It was the kind of populist, anti-elite rhetoric that might have resonated with voters this year. Unfortunately, Giualini has also consistently shown he’s more than happy to jump into bed with the same interests he’s sometimes demonized when angling for public office.
After losing the 1989 election to Dinkins, Giuliani immediately turned his back on his reputation as the scourge of Wall Street by becoming a corporate lawyer. He made $500,000 a year as a partner with the law firm Anderson Kill Olick & Oshinsky.
Prosecutors chuckled at the irony of a man who had made his name arguing for an expansive application of the RICO law suddenly making his living by winning dismissals of RICO actions against his clients. AT&T’s vice president told the Wall Street Journal they had hired Giuliani specifically for his “expertise in the RICO area.”
For all Giuliani’s talk of creating a more ethical government — and his complaints that New York under Dinkins’ predecessor, Mayor Ed Koch, had become “a city that could be purchased” — his actions belied his rhetoric.
In 1997, Giuliani was slapped with the biggest fine in the history of the New York City Campaign Finance Board when it surfaced that his campaign had violated contribution limits 157 times. Many of the donations in question came from corporations who were doing, or planning to do, business with his administration.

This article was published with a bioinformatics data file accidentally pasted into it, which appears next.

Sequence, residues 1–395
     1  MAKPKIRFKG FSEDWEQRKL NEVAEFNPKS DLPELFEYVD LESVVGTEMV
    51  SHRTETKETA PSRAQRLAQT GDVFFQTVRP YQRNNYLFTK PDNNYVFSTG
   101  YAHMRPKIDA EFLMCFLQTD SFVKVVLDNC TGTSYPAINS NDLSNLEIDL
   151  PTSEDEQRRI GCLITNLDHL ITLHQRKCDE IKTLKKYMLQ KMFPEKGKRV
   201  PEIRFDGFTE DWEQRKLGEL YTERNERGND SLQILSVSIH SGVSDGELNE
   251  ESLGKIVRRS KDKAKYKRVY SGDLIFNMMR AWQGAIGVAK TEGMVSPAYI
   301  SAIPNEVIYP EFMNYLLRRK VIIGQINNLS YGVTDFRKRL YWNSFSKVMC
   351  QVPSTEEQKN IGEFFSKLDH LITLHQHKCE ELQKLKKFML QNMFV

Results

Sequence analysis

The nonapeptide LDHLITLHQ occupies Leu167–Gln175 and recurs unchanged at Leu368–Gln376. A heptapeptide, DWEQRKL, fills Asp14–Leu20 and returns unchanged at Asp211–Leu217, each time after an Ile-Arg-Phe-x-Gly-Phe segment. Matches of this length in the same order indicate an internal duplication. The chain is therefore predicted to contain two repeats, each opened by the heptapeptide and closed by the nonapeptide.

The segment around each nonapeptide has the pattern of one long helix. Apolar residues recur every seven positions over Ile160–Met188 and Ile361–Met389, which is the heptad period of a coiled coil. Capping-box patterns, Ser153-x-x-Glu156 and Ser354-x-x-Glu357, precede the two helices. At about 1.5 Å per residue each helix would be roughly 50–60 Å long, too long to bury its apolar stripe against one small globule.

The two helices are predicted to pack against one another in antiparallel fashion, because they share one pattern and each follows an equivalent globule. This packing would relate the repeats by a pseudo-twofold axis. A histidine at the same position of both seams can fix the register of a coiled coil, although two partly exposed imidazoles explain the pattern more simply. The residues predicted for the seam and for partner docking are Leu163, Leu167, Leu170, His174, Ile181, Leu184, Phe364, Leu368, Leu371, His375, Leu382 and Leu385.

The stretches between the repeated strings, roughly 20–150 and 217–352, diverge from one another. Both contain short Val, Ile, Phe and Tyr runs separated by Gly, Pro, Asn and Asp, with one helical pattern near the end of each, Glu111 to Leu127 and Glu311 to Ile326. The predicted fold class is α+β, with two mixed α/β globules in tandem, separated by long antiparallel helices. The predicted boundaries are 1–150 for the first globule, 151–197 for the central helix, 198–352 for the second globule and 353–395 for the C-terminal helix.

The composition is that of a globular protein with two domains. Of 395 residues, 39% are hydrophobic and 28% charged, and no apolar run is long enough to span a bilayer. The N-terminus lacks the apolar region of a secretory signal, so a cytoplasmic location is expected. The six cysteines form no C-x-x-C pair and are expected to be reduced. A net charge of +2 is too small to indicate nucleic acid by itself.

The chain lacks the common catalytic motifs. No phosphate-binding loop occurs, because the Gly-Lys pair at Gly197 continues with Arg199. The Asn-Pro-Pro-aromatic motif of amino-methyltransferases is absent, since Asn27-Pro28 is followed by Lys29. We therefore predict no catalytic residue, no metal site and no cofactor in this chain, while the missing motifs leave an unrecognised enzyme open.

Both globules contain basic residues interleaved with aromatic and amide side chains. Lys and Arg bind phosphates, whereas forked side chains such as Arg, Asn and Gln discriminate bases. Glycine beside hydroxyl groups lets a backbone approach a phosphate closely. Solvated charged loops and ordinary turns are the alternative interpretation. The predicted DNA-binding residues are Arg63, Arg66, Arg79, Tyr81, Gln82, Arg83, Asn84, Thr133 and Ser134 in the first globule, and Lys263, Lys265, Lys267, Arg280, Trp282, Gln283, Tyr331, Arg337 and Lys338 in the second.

While he made sure to stay within the letter of the law in subsequent years, Giuliani continued to take money from businesses doing deals with the city, raising more than $1.2 million in 1999 alone. (His spokesperson at the time claimed the donations had no influence on him.) After a Manhattan Supreme Court Justice ruled in 2000 that a $104 million city contract had been corruptly awarded, Giuliani dismissed it as a “jerky decision” from a “Democratic judge.”
A Corporation’s Best Friend
Giuliani’s willingness to mix money and politics — and trade off his name — went into overdrive once he left the mayoralty. In 2002, “America’s mayor” founded the consulting firm Giuliani Partners.
The firm’s office was located in Five Times Square, a high rise owned by Ernst & Young, which had received a $20 million incentive package from the Giuliani administration to build it. The accounting firm also happened to have helped the former mayor get Giuliani Partners off the ground. Later, Giuliani Partners forged a “strategic alliance” with Bear Stearns for private equity investment, six years after Giuliani awarded the bank a $75 million tax incentive.
Once he rejoined the private sector, Giuliani’s former reputation as the policeman of Wall Street proved no obstacle for his new role as its ardent champion. In one embarrassing instance in 2002, Giuliani personally phoned then–New York attorney general Eliot Spitzer to try to persuade him not to go public with allegations that investment bank Merrill Lynch had knowingly promoted unsound stocks to cozy up with the companies. At the time, Giuliani was receiving $200 an hour to represent the bank. (Later, when Giuliani launched his presidential campaign, many Wall Street banks returned the favor and supported their former foe.)